By Archie Goodwin, John Benson, Otto Binder, Johnnie Craig

Fanatics of horror comics and jawdropping art, have a good time! darkish Horse Comics keeps to exhibit its commitment to bringing you the highestquality horror comics ever made with this 3rd bloodcurdling choice of Warren Publishing's groundbreaking horror journal Creepy. This landmark archive sequence brings readers, for the 1st time ever, each eerie tale from Creepy magazine's unique run, that includes paintings from a few of the top artists ever to paintings within the medium of comics. Frank Frazetta, grey Morrow, Alex Toth, Joe Orlando, and Angelo Torres are only a sampling of the artists whose paintings deliver horror to lifestyles in startling and gorgeously grotesque aspect during this 3rd large accrued volume.

* positive factors paintings by way of Frank Frazetta, grey Morrow, Alex Toth, Joe Orlando, Angelo Torres, and others!

* positive factors the unique backandwhite art meticulously restored, with the unique covers of every factor reprinted in luscious complete color!

"Since the inventory is far finer than the genuine newsprint, visually, those pages are larger than the originals, with moodly, darkish blacks that punctuate the surprise endings." Publishers Weekly

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Extra info for Creepy Archives - Volume 3 (reprints v1 11-15)

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In June 1953, when Murray Kempton wrote his review, Kelly had just made his strongest claim for adult acceptance—of which he already had a great deal—by introducing into his comic strip a menacing cat named Simple J. Malarkey, a pointed caricature of Senator Joseph McCarthy. But Kempton was not fooled. Kelly, he wrote, “is an idol among the eggheads, which is odd when you consider that he is a simple man . . ]”13 That was an overstatement, but with more than a little truth in it. All of the great comic-book creators wrote and drew for children, even if some, like Harvey Kurtzman and Will Eisner, wrote and drew for audiences a few years older than the typical readers of Walt Kelly’s stories in Animal Comics.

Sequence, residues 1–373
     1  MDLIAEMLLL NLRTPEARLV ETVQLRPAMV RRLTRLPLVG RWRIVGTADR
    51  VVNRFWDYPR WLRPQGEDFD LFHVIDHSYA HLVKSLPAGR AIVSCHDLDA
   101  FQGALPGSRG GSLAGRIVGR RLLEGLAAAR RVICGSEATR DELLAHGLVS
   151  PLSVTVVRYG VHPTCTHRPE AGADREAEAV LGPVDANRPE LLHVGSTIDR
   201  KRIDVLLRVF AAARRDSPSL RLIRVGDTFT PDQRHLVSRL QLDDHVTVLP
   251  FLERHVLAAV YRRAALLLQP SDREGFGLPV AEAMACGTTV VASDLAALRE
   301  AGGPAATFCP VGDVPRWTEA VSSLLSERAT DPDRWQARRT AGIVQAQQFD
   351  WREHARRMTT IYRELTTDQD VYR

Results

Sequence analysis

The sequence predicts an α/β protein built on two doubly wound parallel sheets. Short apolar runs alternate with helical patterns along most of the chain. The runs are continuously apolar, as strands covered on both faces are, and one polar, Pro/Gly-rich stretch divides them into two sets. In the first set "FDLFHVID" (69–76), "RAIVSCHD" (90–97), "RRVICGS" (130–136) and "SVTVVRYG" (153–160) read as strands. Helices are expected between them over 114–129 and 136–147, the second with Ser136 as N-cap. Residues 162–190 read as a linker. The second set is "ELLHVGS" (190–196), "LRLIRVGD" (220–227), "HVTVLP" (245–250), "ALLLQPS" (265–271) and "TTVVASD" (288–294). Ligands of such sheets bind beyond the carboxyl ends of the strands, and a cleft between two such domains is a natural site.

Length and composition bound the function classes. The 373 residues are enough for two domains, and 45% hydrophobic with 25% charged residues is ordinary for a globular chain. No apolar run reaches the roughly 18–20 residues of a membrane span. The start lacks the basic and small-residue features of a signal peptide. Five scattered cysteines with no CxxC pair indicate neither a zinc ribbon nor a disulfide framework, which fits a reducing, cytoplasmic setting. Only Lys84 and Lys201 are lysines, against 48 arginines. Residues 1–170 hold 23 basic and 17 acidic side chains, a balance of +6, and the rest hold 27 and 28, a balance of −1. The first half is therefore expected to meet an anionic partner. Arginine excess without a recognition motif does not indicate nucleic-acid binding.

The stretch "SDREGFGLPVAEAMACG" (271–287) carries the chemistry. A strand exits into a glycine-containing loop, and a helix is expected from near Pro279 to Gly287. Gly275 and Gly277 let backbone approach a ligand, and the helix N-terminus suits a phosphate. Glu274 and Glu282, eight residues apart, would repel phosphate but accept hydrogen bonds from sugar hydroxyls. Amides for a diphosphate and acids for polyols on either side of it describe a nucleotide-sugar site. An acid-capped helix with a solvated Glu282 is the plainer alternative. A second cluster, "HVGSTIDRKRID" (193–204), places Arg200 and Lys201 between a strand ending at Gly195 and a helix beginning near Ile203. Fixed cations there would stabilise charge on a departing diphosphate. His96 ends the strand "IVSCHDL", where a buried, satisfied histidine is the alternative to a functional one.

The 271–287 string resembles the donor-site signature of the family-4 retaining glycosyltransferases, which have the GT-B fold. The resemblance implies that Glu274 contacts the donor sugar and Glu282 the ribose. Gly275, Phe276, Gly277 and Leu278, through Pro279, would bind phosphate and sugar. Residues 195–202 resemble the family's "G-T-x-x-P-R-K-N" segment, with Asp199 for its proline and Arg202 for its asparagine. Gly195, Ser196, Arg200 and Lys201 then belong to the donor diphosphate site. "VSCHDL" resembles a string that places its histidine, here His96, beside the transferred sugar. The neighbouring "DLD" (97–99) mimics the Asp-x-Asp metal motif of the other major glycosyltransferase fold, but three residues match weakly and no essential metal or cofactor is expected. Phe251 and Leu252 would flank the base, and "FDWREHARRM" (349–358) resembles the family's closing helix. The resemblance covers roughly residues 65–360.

Good comics also required sensitivity to how each panel’s elements were composed, so that drawings and dialogue balloons were in balance, and reading the dialogue in the balloons was as natural and easy as reading type on a printed page. Panels had to lead one to another in what felt like a natural order, and with a rhythmic subtlety that made a page as a whole, and then a story as a whole, come alive as it was read. Such conditions were almost never met. It was much more common for a story to be clotted with dialogue, its balloons packed with words when words were not conspicuously absent, and for its crude drawings to lurch up and down and across the page, sometimes squeezed into as many as a dozen claustrophobic panels.

It was a trade-off that could become more attractive as sales and print runs rose. 25 Two years later, as of no. 24, the September 1942 issue, Western for the first time paid Disney a royalty on a million copies of Walt Disney’s Comics,26 and sales were continuing to rise. By 1942, Western Printing had long since opened a Los Angeles office, the better to be close to Disney and the other movie studios whose cartoon characters, in particular, were becoming increasingly important to it. Western had hired as a liaison with the studios Eleanor Packer, a widow in her early forties who had written Whitman books for years and had worked for a major studio besides.

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